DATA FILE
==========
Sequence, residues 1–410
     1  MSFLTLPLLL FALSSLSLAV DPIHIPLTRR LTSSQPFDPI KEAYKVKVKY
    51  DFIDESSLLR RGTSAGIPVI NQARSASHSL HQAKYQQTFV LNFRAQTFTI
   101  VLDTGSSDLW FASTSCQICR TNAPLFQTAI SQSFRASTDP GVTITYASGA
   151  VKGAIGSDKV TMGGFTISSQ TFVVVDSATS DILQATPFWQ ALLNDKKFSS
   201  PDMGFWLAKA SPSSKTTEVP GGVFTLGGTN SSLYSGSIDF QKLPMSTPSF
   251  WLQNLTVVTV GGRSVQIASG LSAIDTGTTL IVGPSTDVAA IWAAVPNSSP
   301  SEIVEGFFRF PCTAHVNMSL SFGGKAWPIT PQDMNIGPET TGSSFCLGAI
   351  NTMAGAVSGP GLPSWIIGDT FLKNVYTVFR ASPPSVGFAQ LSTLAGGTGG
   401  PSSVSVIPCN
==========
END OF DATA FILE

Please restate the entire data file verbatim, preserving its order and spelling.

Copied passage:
Sequence, residues 1–410
     1  MSFLTLPLLL FALSSLSLAV DPIHIPLTRR LTSSQPFDPI KEAYKVKVKY
    51  DFIDESSLLR RGTSAGIPVI NQARSASHSL HQAKYQQTFV LNFRAQTFTI
   101  VLDTGSSDLW FASTSCQICR TNAPLFQTAI SQSFRASTDP GVTITYASGA
   151  VKGAIGSDKV TMGGFTISSQ TFVVVDSATS DILQATPFWQ ALLNDKKFSS
   201  PDMGFWLAKA SPSSKTTEVP GGVFTLGGTN SSLYSGSIDF QKLPMSTPSF
   251  WLQNLTVVTV GGRSVQIASG LSAIDTGTTL IVGPSTDVAA IWAAVPNSSP
   301  SEIVEGFFRF PCTAHVNMSL SFGGKAWPIT PQDMNIGPET TGSSFCLGAI
   351  NTMAGAVSGP GLPSWIIGDT FLKNVYTVFR ASPPSVGFAQ LSTLAGGTGG
   401  PSSVSVIPCN